Family Pyxicephalidae

Natalobatrachus bonebergi Hewitt and Methuen, 1913

Kloof Frog, Boneberg’s Frog, Kloofpadda (A)

By L.H. du Preez

Currently accepted name: Natalobatrachus bonebergi
Red listing status: Endangered



Photo by Evans Nick, 2013. URL: FrogMAP: 1074

RED LIST SPECIES

Status: Endangered (EN) Criteria: B2ab(ii,iii,iv)

Identification

N. bonebergi is a small- to medium-sized frog, females reaching 37 mm and males 25 mm in length. They are usually brown, but may be light to greenish brown. The snout is pointed, projecting markedly over the lower jaw. The fingers and toes are long with large, truncated, terminal discs, and the toes are slightly webbed. The back has elongated skin ridges, and a light vertebral stripe is often present. A distinct black stripe runs from the tip of the snout, through the lower part of the eye to the arm.

Distribution

N. bonebergi is endemic to the atlas region and restricted to the coastal forests of southern KwaZulu-Natal and northern Eastern Cape provinces, at altitudes below 900 m. The species is known from 18 quarter-degree grid cells, but was found in only five during the atlas period. The southernmost records are from Dwesa Nature Reserve (3228BB).

The atlas data are reliable but incomplete, especially with regard to recent records from the northern parts of the species’ range.

Habitat

N. bonebergi is always associated with forest streams and pools with rocky beds especially, but not exclusively, in ravines (Harrison et al. 2001). Typically, the frogs inhabit streams with short, fast-flowing sections alternating with longer sections of slow-flowing water and pools of varying size and depth. Eggs are deposited on vegetation or rock surfaces overhanging water.

Life history

These frogs are strong jumpers and can be difficult to catch. They take readily to water, swim well, and usually dive to the bottom where they hide in rotting plant material.

Breeding takes place October–May, along shallow streams with overhanging vegetation. Males select perches c.1–2 m above the water, from which they utter their faint advertisement calls. Amplexus is axillary with the fingers of the male placed below or sometimes above the base of the female’s arms. Transparent masses of 75–95 eggs are attached to leaves, twigs, tree trunks, or rock surfaces overhanging pools. The diameter of the egg mass is 75–108 mm, and the diameter of eggs is 1.5–2 mm, in 4-mm jelly capsules. Clutches may be placed in positions from just above water level to >2 m above the water, with a reported mean of 580 mm (Kok and Seaman 1989). Egg clutches are vulnerable to desiccation; in dry conditions the female moistens the clutch with liquid from her cloaca (pers. obs.).

After six days, the tadpoles are ready to wriggle out of the egg mass that becomes more liquid and sags downward. On hatching, tadpoles drop into the water to complete their development. Tadpoles are benthic and can complete metamorphosis in 60 days.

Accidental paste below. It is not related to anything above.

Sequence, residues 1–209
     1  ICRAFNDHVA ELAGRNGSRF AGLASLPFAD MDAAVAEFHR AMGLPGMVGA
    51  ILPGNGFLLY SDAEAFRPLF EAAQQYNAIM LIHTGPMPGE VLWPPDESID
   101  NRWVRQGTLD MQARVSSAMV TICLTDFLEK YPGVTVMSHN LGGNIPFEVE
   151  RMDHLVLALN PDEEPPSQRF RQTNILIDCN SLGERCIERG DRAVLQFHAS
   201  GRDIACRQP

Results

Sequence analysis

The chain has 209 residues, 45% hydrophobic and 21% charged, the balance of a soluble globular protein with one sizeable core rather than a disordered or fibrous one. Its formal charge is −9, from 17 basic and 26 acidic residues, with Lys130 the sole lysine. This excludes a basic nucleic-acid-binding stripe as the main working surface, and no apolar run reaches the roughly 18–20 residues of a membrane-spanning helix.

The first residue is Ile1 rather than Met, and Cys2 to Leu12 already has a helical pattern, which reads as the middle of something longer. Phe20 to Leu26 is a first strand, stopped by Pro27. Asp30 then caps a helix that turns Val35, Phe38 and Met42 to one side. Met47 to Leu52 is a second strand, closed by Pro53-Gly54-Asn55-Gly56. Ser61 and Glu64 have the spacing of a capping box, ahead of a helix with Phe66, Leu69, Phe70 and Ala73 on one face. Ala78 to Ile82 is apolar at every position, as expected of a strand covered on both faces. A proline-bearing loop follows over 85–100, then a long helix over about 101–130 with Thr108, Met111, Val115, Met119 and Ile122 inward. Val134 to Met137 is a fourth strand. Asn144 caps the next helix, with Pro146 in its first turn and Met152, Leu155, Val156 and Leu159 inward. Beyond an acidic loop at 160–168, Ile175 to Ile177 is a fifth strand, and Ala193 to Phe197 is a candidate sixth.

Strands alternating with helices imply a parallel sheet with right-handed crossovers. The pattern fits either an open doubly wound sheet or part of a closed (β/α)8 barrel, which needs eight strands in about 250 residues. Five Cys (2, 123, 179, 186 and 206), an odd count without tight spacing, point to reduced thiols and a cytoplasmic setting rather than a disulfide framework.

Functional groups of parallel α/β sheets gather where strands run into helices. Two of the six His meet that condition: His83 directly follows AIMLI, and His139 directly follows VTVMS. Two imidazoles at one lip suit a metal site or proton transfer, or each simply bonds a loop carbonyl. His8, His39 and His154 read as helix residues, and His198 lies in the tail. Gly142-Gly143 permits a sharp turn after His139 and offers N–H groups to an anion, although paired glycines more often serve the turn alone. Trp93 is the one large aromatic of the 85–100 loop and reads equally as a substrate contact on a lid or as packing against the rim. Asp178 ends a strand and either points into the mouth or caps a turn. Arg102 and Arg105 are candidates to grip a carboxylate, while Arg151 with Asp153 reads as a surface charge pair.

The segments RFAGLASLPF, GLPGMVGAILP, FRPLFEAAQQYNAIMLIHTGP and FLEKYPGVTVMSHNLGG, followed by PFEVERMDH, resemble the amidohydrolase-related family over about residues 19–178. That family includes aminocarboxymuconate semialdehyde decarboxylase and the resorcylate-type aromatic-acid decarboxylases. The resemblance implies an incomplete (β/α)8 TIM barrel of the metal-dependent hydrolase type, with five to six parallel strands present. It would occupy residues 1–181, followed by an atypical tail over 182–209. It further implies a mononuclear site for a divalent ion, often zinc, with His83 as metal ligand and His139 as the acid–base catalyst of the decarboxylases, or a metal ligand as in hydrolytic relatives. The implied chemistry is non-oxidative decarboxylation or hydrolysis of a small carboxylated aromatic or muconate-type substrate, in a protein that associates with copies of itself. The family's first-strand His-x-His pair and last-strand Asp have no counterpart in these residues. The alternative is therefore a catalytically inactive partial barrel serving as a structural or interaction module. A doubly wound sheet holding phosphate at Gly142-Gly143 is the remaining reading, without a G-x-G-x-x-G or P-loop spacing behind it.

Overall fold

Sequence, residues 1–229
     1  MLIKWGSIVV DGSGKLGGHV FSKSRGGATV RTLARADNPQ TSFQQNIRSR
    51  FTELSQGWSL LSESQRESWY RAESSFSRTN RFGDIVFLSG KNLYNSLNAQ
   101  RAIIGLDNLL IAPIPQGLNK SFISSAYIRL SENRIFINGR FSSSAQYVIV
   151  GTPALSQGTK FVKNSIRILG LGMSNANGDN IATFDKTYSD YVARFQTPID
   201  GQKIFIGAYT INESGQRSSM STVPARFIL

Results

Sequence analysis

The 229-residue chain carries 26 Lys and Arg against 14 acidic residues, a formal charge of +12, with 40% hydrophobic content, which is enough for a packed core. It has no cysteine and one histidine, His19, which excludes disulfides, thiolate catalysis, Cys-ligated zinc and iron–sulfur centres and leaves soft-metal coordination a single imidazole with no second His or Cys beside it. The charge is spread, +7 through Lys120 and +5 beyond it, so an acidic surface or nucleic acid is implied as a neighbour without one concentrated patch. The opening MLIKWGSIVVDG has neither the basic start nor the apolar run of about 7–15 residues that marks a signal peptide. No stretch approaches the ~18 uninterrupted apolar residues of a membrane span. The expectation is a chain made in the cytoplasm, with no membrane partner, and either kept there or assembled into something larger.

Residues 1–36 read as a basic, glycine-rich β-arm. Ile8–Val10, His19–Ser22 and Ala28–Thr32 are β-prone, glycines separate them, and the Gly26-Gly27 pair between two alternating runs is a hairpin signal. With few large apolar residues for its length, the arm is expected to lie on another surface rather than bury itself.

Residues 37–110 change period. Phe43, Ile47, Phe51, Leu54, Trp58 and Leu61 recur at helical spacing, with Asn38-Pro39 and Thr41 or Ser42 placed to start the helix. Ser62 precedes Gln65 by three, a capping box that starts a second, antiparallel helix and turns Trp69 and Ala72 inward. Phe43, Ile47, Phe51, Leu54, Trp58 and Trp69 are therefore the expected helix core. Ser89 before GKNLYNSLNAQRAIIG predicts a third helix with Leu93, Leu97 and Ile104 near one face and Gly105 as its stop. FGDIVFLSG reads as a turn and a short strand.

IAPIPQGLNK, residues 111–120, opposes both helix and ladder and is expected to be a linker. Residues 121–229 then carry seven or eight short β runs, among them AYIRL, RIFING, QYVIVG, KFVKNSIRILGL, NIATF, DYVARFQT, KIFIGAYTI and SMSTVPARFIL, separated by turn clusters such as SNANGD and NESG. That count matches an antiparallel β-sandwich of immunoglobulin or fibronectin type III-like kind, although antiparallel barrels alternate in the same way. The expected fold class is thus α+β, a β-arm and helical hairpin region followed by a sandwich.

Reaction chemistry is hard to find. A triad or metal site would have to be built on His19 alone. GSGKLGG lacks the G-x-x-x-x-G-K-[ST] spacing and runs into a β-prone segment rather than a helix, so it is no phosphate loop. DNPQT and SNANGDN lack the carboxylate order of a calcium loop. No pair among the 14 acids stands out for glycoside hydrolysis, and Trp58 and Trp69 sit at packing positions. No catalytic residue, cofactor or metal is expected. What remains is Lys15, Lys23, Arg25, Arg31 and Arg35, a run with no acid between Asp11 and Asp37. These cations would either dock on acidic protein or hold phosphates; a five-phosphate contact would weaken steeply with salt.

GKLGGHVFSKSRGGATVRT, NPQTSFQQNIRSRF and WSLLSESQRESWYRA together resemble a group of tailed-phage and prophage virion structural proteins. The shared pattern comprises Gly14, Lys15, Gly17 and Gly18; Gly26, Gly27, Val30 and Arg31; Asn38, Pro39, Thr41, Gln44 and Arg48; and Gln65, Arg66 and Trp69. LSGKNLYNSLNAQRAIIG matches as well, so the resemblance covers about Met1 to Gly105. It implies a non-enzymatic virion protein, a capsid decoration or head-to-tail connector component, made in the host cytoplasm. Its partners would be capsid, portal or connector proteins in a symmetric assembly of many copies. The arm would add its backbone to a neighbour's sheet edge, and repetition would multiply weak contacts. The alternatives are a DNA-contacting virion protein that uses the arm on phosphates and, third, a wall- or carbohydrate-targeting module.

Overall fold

Conservation

Status

N. bonebergi was not listed in previous Red Data books. In view of its restricted distribution (area of occupancy = 11–500 km2) and rate of habitat loss (>50% in the past 100 years), it has been accorded Endangered status (Harrison et al. 2001; this publication).

N. bonebergi occurs in Vernon Crookes, Oribi Gorge, Krantzkloof, Umtamvuna, Dwesa and Cwebe nature reserves.

Threats

Threats include the loss of habitat resulting from urbanization along the south coast of KwaZulu-Natal, wood-cutting in gallery forests, and crop agriculture in the form of sugar cane and tree plantations. Cooper (1988) estimated that 90% of the Coastal Forest of KwaZulu-Natal had been destroyed for the cultivation of sugar cane. Pollution and siltation of streams are factors that degrade habitat. Kok and Seaman (1989) identified three major threats to this species: the destruction of water courses and wetlands in unprotected areas, forest denudation by firewood collectors, and pollution.

Recommended conservation actions

Surveys are required to identify new populations, and known populations should be monitored: anyone walking through indigenous forest in the rainy season should be on the lookout for this interesting frog and its egg masses.

There is an urgent need to protect and manage the remaining habitat of this unique endemic species. Research into limiting factors is needed. Where remnants of gallery forest exist on private land, landowners should be informed about this species and its habitat requirements.

Current distribution map



Undated records;  pre-1996;  1996 to 2002;  2003 to present

Citation:

  • Web:
    FrogMAP. 2017. Natalobatrachus bonebergi Hewitt and Methuen, 1913. Animal Demography Unit. Acceesed from http://frogmap.adu.org.za/?sp=710; on 2017-09-22 03:09:17.
  • Book:
    Minter L.R., Burger M., Harrison J.A., Braack H.H., Bishop P.J. & Kloepfer D. (eds). 2004. Atlas and Red Data book of the frogs of South Africa, Lesotho and Swaziland. SI/MAB Series no. 9. Smithsonian Institution, Washington, D.C. Published by the Smithsonian Institution and the Avian Demography Unit (now Animal Demography Unit).